Update: This is the DOJ’s filing on the same issue.


  7. And of course, eventually Democrats come around to the argument that Putin and the Russians are behind all the riots:


  8. Two friends of mine whose judgement I trust were at a march today (separately) that was during the day and scheduled to end before the curfew started. By all accounts, it was totally peaceful without even any littering. Pastors, parents with small children, etc were there and when it ended, they all knelt and put their hands up as a show of solidarity.

    At which point, the police without provocation tear gassed them.

    They weren’t together but both reported the exact same thing. I think the police response is going to whipsaw from under reacting, and the result is looting and vandalism and over reacting and the result is this. Which is being driven by the politicians under and over reacting and pushing for results.


  9. Worth a read:

    “Where did policing go wrong?

    Crime has been down for decades, but incarceration is still sky-high and brutality cases keep tearing the country apart. Does policing in America need a fundamental re-think?

    Matt Taibbi”


    • An excellent read. One small bone to pick – community policing is not a euphemism for Broken Windows. It is the attempt to have cops visible and known by name in the community. The cops stay on their beat and one buddy is usually of the ethnic background of the neighborhood, preferably raised in the neighborhood. The community cop walks a lot and knows and works closely with the community leaders and non-profits and gives lectures in the schools and community halls about what resources are available and how to quickly contact him or her. It predates Broken Windows by decades.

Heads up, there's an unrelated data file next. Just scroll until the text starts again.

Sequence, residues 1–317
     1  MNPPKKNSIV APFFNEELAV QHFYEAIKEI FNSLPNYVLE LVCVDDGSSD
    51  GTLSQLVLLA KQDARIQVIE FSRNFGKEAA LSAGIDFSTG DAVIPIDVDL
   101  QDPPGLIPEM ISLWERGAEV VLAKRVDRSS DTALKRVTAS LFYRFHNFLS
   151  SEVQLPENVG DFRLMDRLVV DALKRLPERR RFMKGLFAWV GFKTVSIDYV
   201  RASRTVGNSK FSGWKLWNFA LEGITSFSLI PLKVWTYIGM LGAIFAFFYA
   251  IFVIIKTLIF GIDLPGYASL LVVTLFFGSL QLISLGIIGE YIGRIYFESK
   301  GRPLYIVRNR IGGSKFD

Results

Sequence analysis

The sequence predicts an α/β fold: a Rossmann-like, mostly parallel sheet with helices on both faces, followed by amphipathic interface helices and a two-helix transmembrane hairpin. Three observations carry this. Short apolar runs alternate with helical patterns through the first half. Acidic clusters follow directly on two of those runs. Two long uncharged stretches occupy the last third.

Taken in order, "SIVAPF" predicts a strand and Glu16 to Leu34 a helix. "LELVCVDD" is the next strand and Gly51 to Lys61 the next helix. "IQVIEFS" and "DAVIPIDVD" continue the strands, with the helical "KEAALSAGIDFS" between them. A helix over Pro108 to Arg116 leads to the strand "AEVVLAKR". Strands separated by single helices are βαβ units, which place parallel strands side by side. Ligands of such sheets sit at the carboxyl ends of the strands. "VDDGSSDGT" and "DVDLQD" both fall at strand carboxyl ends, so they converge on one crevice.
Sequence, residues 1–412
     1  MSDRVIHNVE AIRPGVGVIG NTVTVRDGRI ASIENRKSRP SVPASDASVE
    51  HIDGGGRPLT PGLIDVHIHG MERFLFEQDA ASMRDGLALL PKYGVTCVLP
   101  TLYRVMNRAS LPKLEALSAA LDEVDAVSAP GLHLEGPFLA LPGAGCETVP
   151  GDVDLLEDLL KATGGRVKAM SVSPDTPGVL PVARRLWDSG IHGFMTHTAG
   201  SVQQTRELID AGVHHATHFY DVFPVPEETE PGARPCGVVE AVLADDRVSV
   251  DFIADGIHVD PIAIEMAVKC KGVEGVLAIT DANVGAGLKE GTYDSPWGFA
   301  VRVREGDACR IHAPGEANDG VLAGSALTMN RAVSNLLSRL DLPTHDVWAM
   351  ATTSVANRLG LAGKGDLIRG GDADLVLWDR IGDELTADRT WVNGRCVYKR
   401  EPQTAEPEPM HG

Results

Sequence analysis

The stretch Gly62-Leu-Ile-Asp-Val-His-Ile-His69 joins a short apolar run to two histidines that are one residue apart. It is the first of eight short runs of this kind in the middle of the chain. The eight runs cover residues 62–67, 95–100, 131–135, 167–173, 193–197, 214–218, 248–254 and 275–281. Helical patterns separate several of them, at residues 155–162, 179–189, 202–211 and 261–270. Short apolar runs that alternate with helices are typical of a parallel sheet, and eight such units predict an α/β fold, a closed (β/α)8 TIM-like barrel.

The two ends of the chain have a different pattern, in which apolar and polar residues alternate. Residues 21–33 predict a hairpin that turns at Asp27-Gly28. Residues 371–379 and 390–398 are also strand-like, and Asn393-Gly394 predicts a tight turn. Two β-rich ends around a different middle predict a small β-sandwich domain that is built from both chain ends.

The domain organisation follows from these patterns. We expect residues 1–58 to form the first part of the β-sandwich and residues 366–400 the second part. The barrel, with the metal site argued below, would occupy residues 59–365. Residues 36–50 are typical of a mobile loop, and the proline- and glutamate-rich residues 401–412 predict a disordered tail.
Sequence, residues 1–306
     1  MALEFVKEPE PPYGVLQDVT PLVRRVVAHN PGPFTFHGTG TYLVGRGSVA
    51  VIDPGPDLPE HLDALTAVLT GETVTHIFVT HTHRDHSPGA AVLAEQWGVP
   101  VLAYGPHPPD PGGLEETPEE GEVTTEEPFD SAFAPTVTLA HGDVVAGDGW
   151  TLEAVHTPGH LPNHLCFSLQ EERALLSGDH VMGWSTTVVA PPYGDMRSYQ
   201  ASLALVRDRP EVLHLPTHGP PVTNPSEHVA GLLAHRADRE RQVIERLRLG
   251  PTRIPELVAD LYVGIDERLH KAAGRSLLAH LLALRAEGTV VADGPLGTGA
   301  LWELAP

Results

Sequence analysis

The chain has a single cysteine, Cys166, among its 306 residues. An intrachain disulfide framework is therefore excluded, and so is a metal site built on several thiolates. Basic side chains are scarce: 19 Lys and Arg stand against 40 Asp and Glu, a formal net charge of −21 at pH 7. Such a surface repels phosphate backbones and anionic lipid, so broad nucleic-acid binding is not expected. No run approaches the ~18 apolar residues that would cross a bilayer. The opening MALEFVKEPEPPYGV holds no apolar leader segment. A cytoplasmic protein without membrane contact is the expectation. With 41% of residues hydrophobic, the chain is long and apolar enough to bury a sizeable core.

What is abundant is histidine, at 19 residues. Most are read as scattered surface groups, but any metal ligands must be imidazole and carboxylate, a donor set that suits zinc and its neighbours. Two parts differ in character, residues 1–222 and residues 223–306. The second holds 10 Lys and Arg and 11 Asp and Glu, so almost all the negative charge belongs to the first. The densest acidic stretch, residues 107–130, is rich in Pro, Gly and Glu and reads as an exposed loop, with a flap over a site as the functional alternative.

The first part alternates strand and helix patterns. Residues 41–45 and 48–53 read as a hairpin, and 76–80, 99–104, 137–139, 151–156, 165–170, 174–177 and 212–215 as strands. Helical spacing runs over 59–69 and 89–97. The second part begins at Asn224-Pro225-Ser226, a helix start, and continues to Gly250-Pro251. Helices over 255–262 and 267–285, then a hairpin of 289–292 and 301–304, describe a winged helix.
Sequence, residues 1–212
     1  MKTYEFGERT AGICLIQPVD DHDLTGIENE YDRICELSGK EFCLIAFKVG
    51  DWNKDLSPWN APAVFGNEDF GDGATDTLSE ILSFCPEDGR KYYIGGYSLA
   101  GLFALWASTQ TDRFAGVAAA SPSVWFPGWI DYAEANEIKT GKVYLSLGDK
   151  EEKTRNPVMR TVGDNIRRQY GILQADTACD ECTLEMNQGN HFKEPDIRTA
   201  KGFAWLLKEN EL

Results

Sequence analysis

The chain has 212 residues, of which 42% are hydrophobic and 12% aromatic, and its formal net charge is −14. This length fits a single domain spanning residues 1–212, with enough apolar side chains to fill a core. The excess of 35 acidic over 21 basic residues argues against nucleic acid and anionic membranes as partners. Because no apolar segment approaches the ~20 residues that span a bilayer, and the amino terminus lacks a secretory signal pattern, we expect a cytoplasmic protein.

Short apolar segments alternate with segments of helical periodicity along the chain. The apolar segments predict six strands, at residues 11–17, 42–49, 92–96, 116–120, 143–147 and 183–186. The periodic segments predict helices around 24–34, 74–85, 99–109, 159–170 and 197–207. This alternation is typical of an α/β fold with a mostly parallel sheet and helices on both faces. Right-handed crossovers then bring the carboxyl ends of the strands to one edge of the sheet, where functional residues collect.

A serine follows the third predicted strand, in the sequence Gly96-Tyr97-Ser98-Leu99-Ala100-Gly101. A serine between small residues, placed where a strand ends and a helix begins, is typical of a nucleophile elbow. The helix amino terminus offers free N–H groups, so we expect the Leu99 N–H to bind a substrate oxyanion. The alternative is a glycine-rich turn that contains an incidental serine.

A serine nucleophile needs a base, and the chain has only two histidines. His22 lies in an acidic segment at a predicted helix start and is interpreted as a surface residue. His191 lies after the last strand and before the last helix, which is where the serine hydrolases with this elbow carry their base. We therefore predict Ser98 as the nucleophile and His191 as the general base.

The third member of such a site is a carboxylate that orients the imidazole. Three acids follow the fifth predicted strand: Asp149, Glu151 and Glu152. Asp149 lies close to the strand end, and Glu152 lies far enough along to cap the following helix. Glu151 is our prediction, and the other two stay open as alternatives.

Imposing Broken Windows and Stop and Frisk on community policing has been to the detriment of the beneficial effect that community policing had. It has put cops back in their patrol cars and made them armed strangers again. It has cut cops off from their most valuable crime fighting resource – the neighbors.

      The confusion that led Taibbi to call community policing a euphemism for Broken Windows is that some urban forces have top-down tried to do both with the same cops, thereby destroying community policing as a tool.

      BTW, this is in that way analogous to trying to federalize local cops to find undocs.

      The article is right on the money in substance.